Interesting new data has revealed that rogue letting agents were convicted of stealing nearly £700,000 worth of tenancy deposits during the opening half of 2017.
The average total for each theft totalled nearly an eye-watering £50,000, according to renting reformer, Ajay Jagota.
Mr Jagota keeps a running total of the overall cash value of deposits that rogue letting agents have been found guilty of stealing. Jagota publishes these figures on a quarterly basis.
At the end of June 2017, overall thefts for 2017 amounted to £673, 273, with an average theft of £48,091 per conviction.
Now, subsequent convictions have taken this overall total close to £750,000.
15 rogue agents have been convicted of offences surrounding the theft of deposits during 2017, at nearly two per month.
Research from deposit-free renting solution Dlighted last year indicates that £1,018,100 worth of deposits were stolen during 2016. Worryingly, 2017’s figures are set to break past this figure.
Ajay Jagota, founder of Dlighted, said: ‘Some are arguing that no reform of the deposit system is necessary. But in the current system agents have managed thefts of at least £700,000 in just six months.’
‘Within the next four years, almost £6billion will be held in tenancy deposit schemes, roughly £4billon of which will retained by letting agents and landlords. Not only is this money missing from the UK economy, it is far too easy for it to go missing altogether.’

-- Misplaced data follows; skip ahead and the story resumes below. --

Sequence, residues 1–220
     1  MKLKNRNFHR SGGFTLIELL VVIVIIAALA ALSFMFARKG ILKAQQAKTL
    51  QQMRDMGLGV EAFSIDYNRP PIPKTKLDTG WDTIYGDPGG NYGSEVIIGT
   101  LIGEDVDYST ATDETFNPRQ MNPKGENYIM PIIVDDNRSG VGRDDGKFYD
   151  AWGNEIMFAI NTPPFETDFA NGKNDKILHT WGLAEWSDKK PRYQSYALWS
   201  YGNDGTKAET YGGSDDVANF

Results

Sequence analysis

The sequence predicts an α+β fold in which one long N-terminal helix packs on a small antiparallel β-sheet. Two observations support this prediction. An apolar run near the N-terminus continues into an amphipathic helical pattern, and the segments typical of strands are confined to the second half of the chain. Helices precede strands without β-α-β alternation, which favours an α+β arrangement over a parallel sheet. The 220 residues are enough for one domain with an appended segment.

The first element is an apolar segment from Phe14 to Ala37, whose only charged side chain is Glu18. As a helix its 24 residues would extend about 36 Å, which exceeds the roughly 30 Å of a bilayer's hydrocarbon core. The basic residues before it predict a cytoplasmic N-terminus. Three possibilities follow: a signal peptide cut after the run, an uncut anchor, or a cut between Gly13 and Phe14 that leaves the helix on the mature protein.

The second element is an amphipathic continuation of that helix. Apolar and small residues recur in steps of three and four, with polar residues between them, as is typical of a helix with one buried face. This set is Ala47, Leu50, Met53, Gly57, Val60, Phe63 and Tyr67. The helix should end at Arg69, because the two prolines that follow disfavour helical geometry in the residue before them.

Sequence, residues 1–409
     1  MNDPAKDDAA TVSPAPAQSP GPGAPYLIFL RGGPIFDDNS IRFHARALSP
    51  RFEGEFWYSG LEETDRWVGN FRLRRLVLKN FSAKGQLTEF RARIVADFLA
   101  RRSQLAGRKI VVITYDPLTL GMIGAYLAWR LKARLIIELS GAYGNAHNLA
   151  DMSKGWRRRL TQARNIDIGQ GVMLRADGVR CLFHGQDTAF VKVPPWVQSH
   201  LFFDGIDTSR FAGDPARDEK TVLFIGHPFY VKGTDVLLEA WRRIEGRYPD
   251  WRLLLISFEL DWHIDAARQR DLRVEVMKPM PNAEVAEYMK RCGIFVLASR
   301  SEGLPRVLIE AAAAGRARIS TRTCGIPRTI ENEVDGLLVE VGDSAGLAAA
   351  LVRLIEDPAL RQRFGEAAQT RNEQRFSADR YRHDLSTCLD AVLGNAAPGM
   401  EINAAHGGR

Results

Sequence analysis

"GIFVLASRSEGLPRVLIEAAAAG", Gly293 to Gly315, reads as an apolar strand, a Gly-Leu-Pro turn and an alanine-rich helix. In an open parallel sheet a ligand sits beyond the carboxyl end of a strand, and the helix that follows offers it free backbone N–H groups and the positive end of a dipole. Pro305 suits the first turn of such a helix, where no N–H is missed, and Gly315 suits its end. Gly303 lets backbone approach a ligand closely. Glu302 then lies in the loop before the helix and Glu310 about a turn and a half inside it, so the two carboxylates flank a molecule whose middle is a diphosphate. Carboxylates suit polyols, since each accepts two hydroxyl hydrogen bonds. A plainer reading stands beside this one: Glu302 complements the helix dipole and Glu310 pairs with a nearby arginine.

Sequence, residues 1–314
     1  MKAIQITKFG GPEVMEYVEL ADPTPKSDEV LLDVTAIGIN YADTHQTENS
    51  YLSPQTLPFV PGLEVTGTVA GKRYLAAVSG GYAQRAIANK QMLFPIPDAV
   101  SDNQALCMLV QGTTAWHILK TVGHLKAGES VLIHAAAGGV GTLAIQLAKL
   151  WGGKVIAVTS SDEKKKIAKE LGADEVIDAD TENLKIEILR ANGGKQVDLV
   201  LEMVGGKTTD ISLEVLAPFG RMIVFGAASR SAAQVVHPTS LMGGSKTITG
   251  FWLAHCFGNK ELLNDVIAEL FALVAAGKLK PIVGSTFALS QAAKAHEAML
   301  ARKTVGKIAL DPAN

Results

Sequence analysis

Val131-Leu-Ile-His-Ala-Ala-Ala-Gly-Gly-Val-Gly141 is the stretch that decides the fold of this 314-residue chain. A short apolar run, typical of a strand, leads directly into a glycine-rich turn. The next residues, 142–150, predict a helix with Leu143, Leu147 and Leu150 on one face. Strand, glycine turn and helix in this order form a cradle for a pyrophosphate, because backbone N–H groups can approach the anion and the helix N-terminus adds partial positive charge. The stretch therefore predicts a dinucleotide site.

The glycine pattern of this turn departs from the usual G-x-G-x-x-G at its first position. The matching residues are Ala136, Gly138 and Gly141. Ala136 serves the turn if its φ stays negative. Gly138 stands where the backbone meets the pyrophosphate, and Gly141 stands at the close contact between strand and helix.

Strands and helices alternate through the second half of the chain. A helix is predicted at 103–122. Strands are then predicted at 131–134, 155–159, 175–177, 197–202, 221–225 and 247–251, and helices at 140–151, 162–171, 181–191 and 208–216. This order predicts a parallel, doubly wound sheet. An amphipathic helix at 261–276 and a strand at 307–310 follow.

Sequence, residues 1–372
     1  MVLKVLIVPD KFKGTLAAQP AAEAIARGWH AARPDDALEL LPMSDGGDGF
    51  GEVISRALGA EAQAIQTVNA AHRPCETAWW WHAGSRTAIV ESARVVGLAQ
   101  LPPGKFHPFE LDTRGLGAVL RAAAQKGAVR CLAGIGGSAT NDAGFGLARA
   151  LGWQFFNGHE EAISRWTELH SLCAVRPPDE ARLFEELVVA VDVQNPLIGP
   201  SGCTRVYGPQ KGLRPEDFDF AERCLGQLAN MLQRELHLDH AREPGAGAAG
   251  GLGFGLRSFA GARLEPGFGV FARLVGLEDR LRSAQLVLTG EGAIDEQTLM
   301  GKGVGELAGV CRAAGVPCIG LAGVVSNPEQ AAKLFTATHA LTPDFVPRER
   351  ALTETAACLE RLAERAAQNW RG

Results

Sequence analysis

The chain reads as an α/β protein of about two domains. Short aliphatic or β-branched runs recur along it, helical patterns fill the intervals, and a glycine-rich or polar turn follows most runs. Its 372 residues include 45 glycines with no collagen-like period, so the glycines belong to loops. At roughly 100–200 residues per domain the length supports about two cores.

Offering a solution, Mr Jagota noted: ‘It’s simple – if renting is deposit free, it isn’t possible for people to steal deposits. Not only does deposit replacement insurance better protect property investor’s assets and offer them compensation for legal fees and lost rent – as well as making it easier to find and keep good tenants – it also prevents crime.’
‘The worst part is the almost £2million which landlords and letting agents have been convicted of stealing, is in my opinion and many of those in the industry, nowhere near the true scale of money misappropriated from tenancy deposit accounts with an alarming number of operators apparently happy to use money from tenancy accounts for other business purposes.
Much of this money will be put back, but much of it won’t – and the fact money is missing will only ever be uncovered in the event of company collapse or criminal investigation. The legislation the government will be bringing forward to cap deposits is also the ideal opportunity to do something about this scandalous situation,’ he concluded.